“…of the Earth?”–Job 39:4
Baseball is one of those sports that seems not to have a defining creation moment. A lot of places, a lot of people, and lot of organizations take credit for the invention of the game. One of the better candidates for the role of founder is Duncan F. Curry.
Duncan Fraser Curry was born in 1812 in New York. He was an insurance man by trade, working for the City Fire Insurance Company and later becoming one of the founders of the Republic Fire Insurance Company (their certificate is shown below).
For fun and exercise Curry joined a number of other businessmen at the corner of 27th Street and 4th Avenue where they played a game with a stick and ball that resembled baseball. As far as I know there is no plaque at the site commemorating the gatherings. By 1845 a number of members of the group decided they wished to create a more formal organization that would promote both good fellowship and exercise. Curry was one of the men chosen to draft a set of organization rules for the “club”. On 23 September 1845 the group met at McCarty’s Hotel at Hudson and 12th Street in New York and formed the Knickerbockers Base Ball Club. Curry was elected the first President of the club, serving a one year term (Daniel “Doc” Adams replaced him).
As President of the club, Curry recognized the need to formalize the rules of the game they were playing. He served, along with Alexander Cartwright, William Wheaton, and William Tucker, on a committee that drafted a set of rules for “base ball” that have since become known as the “Knickerbocker Rules”. Some consider them the foundation of modern baseball while others see them as merely another step toward creating the current game. Whichever you prefer, Curry was instrumental in forming those rules (although only Wheaton’s and Tucker’s names appear at the foot of the oldest copy of the rules) . After giving up the Knickerbocker Presidency he remained a member of the rules committee into the 1850s. In 1854 the Knickerbockers and another New York team (the Eagles) formed a joint committee to refine rules for play among city teams. This differed from the Knickerbocker Rules in that it was meant for a more general audience and included input from other teams. Curry was a member of the committee.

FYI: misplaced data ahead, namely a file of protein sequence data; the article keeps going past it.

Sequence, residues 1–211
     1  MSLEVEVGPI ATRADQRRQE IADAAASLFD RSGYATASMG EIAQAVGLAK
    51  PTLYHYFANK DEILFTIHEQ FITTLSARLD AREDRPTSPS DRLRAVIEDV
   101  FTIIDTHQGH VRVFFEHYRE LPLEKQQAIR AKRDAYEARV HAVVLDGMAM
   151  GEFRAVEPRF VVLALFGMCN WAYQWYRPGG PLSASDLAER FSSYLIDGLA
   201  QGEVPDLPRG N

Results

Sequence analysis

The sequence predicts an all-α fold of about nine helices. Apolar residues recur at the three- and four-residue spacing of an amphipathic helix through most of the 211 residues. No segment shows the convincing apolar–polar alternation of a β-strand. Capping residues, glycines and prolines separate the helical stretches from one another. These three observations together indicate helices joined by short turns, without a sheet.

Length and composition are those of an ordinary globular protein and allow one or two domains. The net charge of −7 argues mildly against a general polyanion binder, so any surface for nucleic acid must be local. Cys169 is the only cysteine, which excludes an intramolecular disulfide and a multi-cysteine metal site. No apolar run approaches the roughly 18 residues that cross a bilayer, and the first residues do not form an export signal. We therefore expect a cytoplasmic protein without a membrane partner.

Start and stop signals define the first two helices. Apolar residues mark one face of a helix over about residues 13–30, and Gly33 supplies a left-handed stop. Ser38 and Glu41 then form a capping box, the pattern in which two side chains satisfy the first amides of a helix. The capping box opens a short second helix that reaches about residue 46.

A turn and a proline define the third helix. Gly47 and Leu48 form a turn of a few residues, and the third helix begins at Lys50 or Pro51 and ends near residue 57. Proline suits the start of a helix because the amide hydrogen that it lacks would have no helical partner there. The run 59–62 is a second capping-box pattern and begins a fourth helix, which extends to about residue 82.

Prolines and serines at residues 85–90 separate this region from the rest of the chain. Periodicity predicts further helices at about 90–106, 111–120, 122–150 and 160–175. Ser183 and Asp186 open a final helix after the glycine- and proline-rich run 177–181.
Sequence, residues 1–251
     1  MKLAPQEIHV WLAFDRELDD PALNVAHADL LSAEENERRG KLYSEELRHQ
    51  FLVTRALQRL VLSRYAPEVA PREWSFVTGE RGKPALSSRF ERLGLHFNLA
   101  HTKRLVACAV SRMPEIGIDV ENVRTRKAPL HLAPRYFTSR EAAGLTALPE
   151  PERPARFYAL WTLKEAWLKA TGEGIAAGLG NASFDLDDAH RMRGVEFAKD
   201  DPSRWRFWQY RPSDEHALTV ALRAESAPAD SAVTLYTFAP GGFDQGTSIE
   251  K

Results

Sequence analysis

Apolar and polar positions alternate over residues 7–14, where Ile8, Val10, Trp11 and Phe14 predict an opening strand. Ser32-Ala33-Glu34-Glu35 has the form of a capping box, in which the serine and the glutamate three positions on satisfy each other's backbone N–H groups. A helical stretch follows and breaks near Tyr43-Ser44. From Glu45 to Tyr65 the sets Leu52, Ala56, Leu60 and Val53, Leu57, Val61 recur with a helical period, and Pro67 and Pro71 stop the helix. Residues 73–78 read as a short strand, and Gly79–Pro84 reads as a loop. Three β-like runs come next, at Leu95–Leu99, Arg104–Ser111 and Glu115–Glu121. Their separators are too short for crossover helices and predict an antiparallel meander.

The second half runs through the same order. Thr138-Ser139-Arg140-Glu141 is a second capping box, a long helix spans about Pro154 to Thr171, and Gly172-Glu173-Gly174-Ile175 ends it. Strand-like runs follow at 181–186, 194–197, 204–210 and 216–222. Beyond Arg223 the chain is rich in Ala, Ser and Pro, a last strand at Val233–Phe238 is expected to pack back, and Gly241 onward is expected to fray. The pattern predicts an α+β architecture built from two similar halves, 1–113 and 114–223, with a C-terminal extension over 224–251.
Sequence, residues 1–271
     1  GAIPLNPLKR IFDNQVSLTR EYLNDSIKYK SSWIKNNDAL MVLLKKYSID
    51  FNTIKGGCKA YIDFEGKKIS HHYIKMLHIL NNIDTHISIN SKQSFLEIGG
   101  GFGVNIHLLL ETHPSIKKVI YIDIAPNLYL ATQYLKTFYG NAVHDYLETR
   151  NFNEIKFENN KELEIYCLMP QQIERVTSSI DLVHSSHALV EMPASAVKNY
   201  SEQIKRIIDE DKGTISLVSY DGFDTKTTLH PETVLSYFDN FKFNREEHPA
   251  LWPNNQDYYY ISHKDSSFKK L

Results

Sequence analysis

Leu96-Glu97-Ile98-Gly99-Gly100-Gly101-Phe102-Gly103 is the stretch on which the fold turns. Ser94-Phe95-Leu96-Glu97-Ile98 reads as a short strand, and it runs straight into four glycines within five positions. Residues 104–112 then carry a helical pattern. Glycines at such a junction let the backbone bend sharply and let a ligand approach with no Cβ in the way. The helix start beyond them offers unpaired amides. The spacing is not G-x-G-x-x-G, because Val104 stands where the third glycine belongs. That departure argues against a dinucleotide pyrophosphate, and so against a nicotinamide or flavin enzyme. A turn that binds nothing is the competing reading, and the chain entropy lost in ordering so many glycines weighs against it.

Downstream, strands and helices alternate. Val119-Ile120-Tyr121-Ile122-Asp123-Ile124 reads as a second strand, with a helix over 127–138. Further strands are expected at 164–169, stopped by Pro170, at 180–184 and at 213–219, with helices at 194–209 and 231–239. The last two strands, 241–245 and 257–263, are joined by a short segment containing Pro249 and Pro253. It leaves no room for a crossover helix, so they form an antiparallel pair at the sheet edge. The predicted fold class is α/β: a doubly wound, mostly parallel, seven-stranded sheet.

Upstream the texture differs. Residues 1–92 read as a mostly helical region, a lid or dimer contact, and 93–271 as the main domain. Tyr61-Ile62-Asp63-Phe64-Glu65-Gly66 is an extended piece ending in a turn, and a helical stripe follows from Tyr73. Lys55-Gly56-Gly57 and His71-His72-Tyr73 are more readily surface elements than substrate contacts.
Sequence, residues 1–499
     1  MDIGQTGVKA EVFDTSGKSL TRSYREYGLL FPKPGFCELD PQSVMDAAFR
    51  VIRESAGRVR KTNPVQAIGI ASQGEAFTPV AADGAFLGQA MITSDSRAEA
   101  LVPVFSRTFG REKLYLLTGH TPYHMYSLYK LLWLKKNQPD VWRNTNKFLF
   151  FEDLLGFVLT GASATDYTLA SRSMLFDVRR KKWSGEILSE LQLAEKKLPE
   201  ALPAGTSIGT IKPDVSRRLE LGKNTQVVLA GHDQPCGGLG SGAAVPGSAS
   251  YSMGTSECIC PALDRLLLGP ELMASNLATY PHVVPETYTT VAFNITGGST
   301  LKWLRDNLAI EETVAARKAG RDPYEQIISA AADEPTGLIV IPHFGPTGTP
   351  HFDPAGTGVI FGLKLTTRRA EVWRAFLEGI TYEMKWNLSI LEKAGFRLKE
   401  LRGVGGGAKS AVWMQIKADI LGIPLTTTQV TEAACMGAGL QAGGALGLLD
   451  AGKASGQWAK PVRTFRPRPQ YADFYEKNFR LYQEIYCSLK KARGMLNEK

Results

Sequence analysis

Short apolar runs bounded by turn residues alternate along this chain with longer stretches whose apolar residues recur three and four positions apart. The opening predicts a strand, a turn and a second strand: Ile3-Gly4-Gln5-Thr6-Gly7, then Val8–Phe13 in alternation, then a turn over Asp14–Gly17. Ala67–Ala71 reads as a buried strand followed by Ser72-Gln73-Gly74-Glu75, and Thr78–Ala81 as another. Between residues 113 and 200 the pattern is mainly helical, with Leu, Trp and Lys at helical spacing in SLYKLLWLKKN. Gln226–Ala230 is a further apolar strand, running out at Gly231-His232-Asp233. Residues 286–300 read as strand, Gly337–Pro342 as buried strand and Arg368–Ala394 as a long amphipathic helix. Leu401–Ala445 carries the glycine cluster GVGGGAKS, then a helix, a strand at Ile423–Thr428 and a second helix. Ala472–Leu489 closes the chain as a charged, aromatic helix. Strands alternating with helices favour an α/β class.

By the 1860s the Knickerbockers were in decline, Curry was no longer a prominent member of the local baseball community. He moved to Brooklyn in 1884 and died there in 1894. He is buried in Brooklyn under a headstone that calls him “The Father of Baseball.”
So what do we make of the claim of Duncan Curry as the “father of baseball”? He certainly was there when the foundations of the sport were laid. He is unquestionably one of the people who deserve credit for advancing the game by creating a formalized club and a formal, written set of rules. I’m inclined to give him his due as one of the “fathers” of baseball but not as the “father” of baseball.